[ Team LiB ] Previous Section Next Section

Recipe 14.4 Adding an Appender to the Root Logger


You want to configure an appender or logging destination for the root logger.


Create a configuration file called log4j.properties and place it in the WEB-INF/classes directory of your web application.


Now our discussion moves on to the log4j configuration file, where developers can customize loggers, appenders, and layouts. Here are the steps for using this recipe's examples:

  1. Create a properties file named log4j.properties (its contents look like Example 14-5).

  2. Place the properties file in the WEB-INF/classes directory of the web application.

  3. Import this class into your servlet: org.apache.log4j.Logger.

  4. In the servlet, get a reference to the root logger with the static Logger.getRootLogger( ) method, and start logging.

Example 14-5 configures the root logger, a kind of "super logger" for your application, with a DEBUG level. The root logger uses an appender named cons. This appender is of a type org.apache.log4j.ConsoleAppender, meaning that it sends its log messages to the console.

Example 14-5. The log4j.properties file for creating a root logger appender
log4j.rootLogger=DEBUG, cons



The third line of the log4j.properties file states that the logger will use a SimpleLayout , which logs the level name (DEBUG), a dash (-), and the message itself. Example 14-6 shows the servlet that is using the logger. log4j will find the log4j.properties file automatically in WEB-INF/classes because the servlet has not otherwise configured the logger with a call to BasicConfigurator.configure( ), as shown in Recipe 14.3.

Example 14-6. Using the root logger configured with the log4j.properties file
package com.jspservletcookbook;           

import org.apache.log4j.Logger;

import javax.servlet.*;
import javax.servlet.http.*;

public class LoggerWconfig extends HttpServlet {

  private Logger log = null;

  public void init( ){
      //The root logger will get its configuration from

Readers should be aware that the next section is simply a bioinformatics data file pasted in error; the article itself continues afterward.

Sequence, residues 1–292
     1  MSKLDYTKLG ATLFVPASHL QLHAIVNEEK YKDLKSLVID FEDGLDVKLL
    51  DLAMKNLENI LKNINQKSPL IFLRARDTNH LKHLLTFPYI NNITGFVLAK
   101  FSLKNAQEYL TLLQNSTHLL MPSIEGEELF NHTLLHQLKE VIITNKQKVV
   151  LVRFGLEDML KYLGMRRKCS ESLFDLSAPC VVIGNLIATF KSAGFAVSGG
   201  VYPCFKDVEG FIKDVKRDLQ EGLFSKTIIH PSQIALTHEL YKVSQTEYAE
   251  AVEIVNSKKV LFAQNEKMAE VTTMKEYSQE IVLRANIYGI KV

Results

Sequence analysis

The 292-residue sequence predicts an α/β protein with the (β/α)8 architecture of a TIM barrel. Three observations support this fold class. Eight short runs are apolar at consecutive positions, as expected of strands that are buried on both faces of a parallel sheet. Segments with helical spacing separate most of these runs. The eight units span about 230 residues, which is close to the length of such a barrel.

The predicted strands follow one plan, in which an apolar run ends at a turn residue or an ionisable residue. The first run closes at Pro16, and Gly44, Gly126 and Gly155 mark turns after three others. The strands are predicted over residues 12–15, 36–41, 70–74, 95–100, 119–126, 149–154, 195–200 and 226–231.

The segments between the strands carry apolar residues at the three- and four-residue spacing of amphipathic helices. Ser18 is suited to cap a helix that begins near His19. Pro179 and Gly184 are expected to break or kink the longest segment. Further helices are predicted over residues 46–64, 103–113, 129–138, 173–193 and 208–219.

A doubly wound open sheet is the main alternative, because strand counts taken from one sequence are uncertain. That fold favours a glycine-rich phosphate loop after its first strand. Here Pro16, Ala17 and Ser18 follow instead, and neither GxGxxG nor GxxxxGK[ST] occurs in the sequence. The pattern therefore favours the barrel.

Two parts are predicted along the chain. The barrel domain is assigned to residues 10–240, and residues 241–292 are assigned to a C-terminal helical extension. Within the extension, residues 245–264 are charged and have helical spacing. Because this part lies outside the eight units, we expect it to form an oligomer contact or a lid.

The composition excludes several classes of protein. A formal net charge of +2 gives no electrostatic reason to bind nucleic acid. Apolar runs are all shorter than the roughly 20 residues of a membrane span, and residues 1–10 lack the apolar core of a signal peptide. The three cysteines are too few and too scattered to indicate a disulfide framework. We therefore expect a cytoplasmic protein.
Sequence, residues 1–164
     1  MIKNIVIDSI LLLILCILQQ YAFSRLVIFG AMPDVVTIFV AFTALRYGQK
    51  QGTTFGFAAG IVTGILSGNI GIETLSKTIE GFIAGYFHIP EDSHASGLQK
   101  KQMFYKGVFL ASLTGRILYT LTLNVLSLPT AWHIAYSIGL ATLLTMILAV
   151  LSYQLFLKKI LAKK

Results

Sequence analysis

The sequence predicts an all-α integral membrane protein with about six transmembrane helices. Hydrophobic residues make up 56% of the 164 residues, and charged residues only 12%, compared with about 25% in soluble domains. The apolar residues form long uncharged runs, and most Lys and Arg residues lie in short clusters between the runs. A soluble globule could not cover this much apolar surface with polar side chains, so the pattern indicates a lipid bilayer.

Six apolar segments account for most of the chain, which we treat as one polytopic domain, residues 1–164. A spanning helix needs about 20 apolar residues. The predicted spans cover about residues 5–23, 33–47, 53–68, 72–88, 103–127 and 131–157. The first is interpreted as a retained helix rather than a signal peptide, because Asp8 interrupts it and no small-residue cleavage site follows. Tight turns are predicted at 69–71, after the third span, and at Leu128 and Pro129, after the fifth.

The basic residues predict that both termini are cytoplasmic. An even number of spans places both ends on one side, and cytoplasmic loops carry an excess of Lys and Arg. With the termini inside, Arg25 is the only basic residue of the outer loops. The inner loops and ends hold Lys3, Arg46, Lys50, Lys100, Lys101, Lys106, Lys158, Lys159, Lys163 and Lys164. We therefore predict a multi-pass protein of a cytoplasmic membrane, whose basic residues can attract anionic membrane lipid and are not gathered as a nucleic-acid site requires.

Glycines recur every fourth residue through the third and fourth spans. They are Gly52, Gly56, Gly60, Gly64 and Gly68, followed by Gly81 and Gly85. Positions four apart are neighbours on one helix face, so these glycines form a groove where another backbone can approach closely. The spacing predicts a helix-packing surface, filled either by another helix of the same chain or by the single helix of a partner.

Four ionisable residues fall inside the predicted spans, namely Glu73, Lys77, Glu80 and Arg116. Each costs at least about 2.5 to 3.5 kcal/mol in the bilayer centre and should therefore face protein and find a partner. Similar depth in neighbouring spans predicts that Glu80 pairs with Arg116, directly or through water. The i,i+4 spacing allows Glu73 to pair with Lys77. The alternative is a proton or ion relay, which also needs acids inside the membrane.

log = Logger.getRootLogger( );
      log.info("LoggerWconfig started.");

  public void doGet(HttpServletRequest request, 
    HttpServletResponse response)
      throws ServletException, java.io.IOException {
      //display a DEBUG-level message
      log.debug("Sending a DEBUG message");

      // display an INFO-level message
      log.info("Sending an INFO message");
      //better display some HTML
      java.io.PrintWriter out = response.getWriter( );
        "<html><head><title>Servlet logging</title></head><body>");

        "<h2>Hello from a Logger with a log4j.properties file</h2>");

      out.println("Your logger name is: " + log.getName( )+"<br>");
     } //end doGet

Example 14-6 logs an INFO message in the servlet's init( ) method, then logs two messages in the servlet's doGet( ) service method. The logger logs all of these messages to the console because this is how the log4j.properties file configures the root logger's appender. This is what the console output looks like:

INFO - LoggerWconfig started.
DEBUG - Sending a DEBUG message
INFO - Sending an INFO message

Figure 14-1 shows the servlet's output in a web browser.

Figure 14-1. The logger displays its name in a servlet

See Also

Recipe 14.2 on downloading and setting up log4j; Recipe 14.3 on using a log4j logger without a properties file; Recipe 14.5-Recipe 14.8 on using log4j to design your own custom logging mechanism; the log4j download site: http://jakarta.apache.org/log4j/docs/download.html; the log4j Javadoc page: http://jakarta.apache.org/log4j/docs/api/index.html; the log4j project documentation page: http://jakarta.apache.org/log4j/docs/documentation.html.

    [ Team LiB ] Previous Section Next Section